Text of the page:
Director: Mike Nichols
If you are looking for a geeky, thought-provoking, political science film to indulge over the weekend, you will find everything you need in "Charlie Wilson's War." Based on a true story about the covert war in Afghanistan between the U.S. and Soviet Union during the 1980s, the film boasts a talented cast and a rich comedic dialogue.
Tom Hanks flawlessly plays smooth-talking and boozing U.S. congressman Charlie Wilson. The opening scene at a CIA awards ceremony is a bit cheesy and emotional; however don't dump out your popcorn just yet. A womanizing whiskey-drinker (characteristic of many U.S. representatives), Wilson is nonetheless fully dedicated to his job and the constitutional ideals behind it.
After becoming aware of the Soviet invasion of Afghanistan, Wilson uses the power of his seat on the Defense Council to double the meager CIA budget for assisting the Afghani forces. He becomes increasingly drawn into the conflict, encouraged by wealthy Texan Joanne Herring (Julia Roberts). Using his unique place at the crossroads of Congress, the U.S. State Department and CIA, Wilson goes off to take on the Soviet Union and save some Afghans.
He embarks on a trip to the region to meet with high-profile leaders in Pakistan. The script does well in bringing to light the paradox of U.S. involvement in other countries, voicing complaints of half-hearted funding and contradictory policies. Wilson then agrees to tour a refugee camp on the Pakistani border.
The scene quite accurately and movingly portrays the horrible sights and stories which can be found in such locations. Nichols is also merciless in his account of Soviet atrocities during their occupation and uses actual footage from the period to illustrate this.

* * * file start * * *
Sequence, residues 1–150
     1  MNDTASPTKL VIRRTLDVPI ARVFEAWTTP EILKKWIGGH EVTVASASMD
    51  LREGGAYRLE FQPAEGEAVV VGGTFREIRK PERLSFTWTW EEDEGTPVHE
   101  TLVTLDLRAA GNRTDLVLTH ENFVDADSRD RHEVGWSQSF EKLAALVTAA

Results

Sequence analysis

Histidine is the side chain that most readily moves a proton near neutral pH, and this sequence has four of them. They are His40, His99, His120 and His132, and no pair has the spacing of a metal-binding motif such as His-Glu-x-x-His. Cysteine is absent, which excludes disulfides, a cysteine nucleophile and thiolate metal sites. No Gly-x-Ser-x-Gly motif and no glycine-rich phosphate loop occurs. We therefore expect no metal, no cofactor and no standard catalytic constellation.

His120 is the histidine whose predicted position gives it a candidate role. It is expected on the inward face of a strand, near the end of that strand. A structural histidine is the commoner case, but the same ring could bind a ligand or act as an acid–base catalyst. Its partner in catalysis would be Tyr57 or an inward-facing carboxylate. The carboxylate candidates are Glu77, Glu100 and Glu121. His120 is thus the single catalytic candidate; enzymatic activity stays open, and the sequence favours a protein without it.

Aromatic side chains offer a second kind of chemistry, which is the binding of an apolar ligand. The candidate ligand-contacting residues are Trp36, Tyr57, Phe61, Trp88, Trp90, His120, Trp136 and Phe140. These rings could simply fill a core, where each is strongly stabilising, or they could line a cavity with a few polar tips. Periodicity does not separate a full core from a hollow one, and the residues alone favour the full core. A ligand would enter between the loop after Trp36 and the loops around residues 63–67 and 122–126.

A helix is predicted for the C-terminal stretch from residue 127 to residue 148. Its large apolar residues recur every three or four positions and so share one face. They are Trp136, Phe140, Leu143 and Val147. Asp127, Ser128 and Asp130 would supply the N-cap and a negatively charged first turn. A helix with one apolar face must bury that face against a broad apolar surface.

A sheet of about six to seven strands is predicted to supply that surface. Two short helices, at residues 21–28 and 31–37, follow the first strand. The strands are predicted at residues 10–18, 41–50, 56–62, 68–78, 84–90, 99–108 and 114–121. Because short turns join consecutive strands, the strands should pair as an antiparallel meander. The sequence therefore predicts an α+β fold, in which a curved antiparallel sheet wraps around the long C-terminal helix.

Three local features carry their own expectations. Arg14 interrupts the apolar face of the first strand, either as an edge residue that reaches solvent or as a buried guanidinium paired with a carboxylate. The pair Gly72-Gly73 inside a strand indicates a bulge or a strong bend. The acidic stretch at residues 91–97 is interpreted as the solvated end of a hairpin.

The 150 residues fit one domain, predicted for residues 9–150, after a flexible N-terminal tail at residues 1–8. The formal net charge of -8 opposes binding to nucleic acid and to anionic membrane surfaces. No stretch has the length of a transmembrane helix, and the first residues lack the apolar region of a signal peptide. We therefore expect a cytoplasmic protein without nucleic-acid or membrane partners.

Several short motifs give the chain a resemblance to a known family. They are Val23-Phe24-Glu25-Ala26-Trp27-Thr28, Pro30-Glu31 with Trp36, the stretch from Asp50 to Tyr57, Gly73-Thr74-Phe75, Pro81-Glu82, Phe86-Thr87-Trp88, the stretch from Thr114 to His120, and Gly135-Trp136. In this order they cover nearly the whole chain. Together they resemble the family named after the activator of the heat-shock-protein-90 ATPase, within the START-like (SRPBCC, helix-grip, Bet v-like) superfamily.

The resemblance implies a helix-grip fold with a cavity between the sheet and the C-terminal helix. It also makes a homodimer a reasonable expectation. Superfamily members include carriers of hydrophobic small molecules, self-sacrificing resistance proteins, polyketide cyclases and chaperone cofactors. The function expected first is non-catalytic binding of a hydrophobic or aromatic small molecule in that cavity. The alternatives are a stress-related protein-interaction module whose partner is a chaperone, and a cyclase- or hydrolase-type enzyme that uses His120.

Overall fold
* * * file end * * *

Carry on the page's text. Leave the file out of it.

The script is fantastic in its political detail and use of statistics. At the same time, the dialogue is witty and lively thanks to Wilson's charismatic personality and his nature as a politician. Clever camera work also deals nicely with the thick content of the story and its many political intricacies.
Nichols also criticizes U.S. policy in Afghanistan following the Soviet pull-out and its terrible implications today. More attention and a deeper look at these connections might have benefited the film, but on balance it was a good decision to focus on the film's specific historical period.
The film provides a brilliant portrayal of America's Cold War, "Lawrence of Arabia," and the complex and often contradictory role which U.S. agencies play in the international sphere.
Now showing in Estonia. Opens Feb. 15 in Latvia and Feb. 8 in Lithuania